Agriculture, Food, & Natural Resources

Think about life without agriculture, food, and natural resources. What would we eat? Who would create and maintain the parks that help us relax and enjoy nature? Where would we get help for sick pets? This industry has a huge impact on our daily lives, and — like other industries — technology has brought about changes in the way it operates.

Large farms increasingly use precision-agriculture sensing technology, such as drones, to monitor soil conditions; GPS systems to help steer machinery more precisely; and computer-based maps to prescribe amounts of fertilizer, seed, and chemicals for specific areas. Bioscientists have developed genetically modified organisms (GMOs) that increase crop yield and resistance to pests and disease.

Organic farming, which seeks to avoid chemicals, continues to show economic growth. While responsible for only a little more than 4 percent of total U.S. food sales, sales of organic foods are more than two-and-a-half times greater now than they were 10 years ago.*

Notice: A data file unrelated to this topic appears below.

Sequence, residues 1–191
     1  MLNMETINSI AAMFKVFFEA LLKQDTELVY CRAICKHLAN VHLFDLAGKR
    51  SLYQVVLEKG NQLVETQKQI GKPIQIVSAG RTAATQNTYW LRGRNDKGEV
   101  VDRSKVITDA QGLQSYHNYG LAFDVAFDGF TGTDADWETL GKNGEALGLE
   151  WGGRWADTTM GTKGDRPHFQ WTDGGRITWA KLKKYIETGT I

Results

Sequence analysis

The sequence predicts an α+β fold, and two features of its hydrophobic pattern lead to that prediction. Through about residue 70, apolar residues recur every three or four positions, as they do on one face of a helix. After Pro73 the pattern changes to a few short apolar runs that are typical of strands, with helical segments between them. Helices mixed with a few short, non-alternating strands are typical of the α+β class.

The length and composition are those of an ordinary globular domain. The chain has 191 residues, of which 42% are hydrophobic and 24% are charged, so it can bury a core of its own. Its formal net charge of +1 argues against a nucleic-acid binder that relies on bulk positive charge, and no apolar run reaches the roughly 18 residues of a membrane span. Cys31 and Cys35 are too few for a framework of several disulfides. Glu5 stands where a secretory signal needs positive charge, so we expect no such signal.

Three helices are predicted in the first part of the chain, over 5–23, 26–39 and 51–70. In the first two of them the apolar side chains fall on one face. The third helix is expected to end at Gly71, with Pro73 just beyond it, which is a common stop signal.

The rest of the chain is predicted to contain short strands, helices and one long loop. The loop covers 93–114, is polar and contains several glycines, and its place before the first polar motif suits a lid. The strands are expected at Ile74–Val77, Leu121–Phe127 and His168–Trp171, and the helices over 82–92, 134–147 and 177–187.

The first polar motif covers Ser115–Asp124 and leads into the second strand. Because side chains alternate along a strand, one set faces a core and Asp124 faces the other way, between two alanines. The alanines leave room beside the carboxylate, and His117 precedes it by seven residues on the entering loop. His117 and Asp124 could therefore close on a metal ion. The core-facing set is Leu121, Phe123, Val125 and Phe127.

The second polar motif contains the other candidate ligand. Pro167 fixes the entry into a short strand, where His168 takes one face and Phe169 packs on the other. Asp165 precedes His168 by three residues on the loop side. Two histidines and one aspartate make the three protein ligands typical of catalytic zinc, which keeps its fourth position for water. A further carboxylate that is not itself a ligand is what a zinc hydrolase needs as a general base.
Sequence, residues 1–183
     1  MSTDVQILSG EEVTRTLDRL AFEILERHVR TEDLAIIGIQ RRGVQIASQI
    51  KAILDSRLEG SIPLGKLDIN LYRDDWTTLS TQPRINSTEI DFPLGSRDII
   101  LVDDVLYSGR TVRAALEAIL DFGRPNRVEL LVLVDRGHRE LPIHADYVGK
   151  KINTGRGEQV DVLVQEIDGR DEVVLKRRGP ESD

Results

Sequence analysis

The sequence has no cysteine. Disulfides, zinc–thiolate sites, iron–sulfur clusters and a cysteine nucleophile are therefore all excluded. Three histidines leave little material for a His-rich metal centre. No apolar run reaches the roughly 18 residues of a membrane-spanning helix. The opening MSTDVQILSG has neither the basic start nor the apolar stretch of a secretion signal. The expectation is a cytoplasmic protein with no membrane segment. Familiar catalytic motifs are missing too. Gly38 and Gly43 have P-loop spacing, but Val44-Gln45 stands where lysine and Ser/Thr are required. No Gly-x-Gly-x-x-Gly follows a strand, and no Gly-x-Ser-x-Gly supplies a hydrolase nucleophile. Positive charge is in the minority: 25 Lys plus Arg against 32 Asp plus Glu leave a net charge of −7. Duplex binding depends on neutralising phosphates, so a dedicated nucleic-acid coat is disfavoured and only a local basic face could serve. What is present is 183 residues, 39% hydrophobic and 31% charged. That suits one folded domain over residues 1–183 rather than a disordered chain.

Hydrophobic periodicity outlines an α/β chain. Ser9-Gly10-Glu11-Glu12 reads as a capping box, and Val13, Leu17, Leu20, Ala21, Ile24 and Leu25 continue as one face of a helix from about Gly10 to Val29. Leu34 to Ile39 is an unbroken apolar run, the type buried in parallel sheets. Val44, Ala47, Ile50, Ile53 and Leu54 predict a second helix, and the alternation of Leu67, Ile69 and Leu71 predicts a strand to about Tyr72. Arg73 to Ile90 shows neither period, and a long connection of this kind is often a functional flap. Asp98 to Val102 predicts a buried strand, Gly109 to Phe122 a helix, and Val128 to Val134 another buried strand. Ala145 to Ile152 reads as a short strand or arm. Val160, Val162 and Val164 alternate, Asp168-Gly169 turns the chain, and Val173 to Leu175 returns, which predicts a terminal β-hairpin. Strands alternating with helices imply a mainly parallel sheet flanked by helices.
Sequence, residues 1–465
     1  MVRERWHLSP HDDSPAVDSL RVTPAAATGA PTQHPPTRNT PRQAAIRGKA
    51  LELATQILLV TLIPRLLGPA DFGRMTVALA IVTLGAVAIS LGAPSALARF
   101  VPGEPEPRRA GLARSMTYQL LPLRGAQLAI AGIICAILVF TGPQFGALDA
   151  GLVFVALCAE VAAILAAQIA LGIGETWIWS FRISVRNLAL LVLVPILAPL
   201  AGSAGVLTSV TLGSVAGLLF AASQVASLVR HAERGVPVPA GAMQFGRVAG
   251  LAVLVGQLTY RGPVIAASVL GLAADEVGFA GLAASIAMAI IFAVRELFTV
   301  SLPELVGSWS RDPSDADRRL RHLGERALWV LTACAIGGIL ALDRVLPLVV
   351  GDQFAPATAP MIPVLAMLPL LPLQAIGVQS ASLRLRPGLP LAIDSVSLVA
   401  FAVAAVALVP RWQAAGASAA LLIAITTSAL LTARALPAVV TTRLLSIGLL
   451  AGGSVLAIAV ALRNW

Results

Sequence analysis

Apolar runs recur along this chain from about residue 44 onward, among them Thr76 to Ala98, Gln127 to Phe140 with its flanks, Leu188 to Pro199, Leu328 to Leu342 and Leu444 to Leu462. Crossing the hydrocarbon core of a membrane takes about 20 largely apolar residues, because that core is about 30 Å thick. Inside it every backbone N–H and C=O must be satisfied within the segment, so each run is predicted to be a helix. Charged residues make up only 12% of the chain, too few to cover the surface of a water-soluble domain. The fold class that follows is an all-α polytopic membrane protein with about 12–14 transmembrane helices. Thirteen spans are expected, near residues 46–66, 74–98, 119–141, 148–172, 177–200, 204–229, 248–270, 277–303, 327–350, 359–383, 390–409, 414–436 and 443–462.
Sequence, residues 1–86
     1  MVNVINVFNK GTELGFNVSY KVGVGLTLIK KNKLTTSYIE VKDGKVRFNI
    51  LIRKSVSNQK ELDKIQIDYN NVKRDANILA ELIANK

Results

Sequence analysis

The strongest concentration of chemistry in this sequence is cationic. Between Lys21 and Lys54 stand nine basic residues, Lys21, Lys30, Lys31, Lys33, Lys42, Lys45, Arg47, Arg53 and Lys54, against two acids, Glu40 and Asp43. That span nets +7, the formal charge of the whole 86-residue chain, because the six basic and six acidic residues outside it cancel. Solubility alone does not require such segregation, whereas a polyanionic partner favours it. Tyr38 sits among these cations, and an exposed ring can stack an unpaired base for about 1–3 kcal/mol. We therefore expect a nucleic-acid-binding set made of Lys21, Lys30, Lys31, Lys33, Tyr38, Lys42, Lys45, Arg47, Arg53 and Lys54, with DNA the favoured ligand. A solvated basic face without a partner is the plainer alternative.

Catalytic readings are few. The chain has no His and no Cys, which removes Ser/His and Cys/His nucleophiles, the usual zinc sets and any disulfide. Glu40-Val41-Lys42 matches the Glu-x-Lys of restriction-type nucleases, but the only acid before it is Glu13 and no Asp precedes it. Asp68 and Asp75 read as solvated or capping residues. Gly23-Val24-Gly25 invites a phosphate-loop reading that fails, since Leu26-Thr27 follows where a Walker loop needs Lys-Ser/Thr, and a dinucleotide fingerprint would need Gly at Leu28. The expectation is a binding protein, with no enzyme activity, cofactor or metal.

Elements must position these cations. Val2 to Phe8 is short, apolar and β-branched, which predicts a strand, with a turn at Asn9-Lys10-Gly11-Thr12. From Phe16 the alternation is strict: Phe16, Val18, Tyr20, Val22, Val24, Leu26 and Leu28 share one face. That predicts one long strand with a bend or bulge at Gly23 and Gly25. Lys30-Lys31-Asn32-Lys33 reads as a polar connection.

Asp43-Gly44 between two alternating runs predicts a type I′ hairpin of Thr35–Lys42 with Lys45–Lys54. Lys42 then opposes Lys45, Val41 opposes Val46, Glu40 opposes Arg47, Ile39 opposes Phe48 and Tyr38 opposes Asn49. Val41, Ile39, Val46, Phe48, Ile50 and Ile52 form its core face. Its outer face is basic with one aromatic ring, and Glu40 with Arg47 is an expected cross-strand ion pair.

The Agriculture, Food, and Natural Resources cluster contains occupations that require all levels of training. Landscaping and groundskeeping workers and nonfarm animal caretaker positions are among the fastest-growing occupations that require the least training in this cluster. Jobs that usually require associate and bachelor’s degrees such as veterinary technologists and technicians, environmental engineers, and cartographers and photogrammetrists are also projected to increase. Employers who often hire workers in this cluster include farmers; federal, state and local governments; pest control businesses; and landscaping companies.

*“Organic Market Overview.” USDA Economic Research Service. U.S. Department of Agriculture, 7 Apr. 2014.